A Beatle and a BeeGee selected to be honored with knighthood


Two famous band members have been selected for knighthood, the honor revealed as Britain’s Cabinet Office published a list of those receiving recognition. Among the names was a Beatle and a Bee Gee – Ringo Starr and Barry Gibb, respectively.

According to the Associated Press, “Britain’s Cabinet Office publishes a list of the people receiving honors for merit, service or bravery twice a year: just before New Year’s Eve, and on the Saturday in June when Queen Elizabeth II’s birthday is officially observed.”

People are nominated by members of the public, which are then reviewed by a specialist committee and then by a main honors committee before being sent to the prime minister. The various honors are then bestowed by the queen or senior royals, according to the AP.

This year’s New Years list, revealed Friday, includes the two singing icons, selected for knighthood in the name of Britain’s monarch. Starr was a drummer for the internationally beloved Beatles, while Gibb is the oldest and last surviving member of the pop group the Bee Gees.

Starr, whose birth name is Richard Starkey, is the low-key drummer that joined the Beatles just before they rocketed to stardom. Speaking to reports of his knighthood, Starr said,  “It’s great! It’s an honor and a pleasure to be considered and acknowledged for my music and my charity work, both of which I love.”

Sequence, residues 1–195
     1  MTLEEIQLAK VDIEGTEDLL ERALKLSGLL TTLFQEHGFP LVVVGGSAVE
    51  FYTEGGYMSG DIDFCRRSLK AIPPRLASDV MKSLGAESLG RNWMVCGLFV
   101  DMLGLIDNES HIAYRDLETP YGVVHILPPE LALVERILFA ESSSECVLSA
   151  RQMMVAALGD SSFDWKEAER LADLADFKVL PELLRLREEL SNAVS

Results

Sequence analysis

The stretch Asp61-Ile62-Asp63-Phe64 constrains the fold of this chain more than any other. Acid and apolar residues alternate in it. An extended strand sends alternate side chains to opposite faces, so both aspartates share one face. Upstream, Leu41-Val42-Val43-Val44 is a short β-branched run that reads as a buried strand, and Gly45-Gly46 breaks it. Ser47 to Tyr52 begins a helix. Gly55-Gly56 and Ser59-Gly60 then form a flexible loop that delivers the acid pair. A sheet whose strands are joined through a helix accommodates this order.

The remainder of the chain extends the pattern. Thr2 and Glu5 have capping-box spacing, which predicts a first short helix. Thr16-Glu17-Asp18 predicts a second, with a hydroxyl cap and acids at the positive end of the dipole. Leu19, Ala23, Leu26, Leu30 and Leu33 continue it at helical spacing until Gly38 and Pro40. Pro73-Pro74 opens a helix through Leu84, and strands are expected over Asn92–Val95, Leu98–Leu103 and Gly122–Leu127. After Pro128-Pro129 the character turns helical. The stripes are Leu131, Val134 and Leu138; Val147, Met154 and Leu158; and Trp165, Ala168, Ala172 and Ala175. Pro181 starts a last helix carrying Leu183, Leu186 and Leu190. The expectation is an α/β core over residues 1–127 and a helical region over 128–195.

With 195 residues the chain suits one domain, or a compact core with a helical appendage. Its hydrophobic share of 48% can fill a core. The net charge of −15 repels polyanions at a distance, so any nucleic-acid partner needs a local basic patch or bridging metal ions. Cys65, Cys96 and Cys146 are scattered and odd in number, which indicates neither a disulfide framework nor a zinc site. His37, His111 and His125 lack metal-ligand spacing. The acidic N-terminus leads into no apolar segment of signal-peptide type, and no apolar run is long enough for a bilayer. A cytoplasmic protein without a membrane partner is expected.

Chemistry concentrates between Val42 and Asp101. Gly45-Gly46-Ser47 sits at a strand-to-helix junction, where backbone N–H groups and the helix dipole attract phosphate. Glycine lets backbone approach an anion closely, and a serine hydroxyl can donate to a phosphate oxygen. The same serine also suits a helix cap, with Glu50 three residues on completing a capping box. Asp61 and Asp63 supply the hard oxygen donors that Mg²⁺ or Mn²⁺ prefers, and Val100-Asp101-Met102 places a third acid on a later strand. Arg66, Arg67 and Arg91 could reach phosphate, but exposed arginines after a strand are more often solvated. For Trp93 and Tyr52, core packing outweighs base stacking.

Starr’s bandmate, Sir Paul McCartney, was knighted in 1997. McCartney had lobbied publicly for Starr to receive a knighthood, and tweeted his congratulations on Saturday (see below), writing, “Huge congrats Sir Ringo! Sir Richard Starkey has a nice ring to it. Best drummer best pal! X Paul.”

The two are the only surviving Beatles, as Lennon was shot dead in 1980 and George Harrison died in 2001. Harrison turned down the honor of knighthood, which was offered to him in 2000, before his death from cancer the next year..

Gibb, who was recognized for services to music and charity, said he would dedicate his knighthood to his late bandmates, who were his brothers. Twins Robin Gibb died in 2012, and Maurice Gibb died in 2003.

“I want to acknowledge how responsible my brothers are for this honor,” said Gibb, 71. “It is as much theirs as it is mine.”

“This is a moment in life to be treasured and never forgotten,” Gibb added.

Two others were selected to receive knighthoods in 2018. One is author Michael Morpurgo, who has written many treasured children’s books but including the 1982 book “War Horse.” The second is former British Deputy Prime Minister Nick Clegg, who was a vocal opponent of Brexit and later resigned as leader of the Liberal Democrats.

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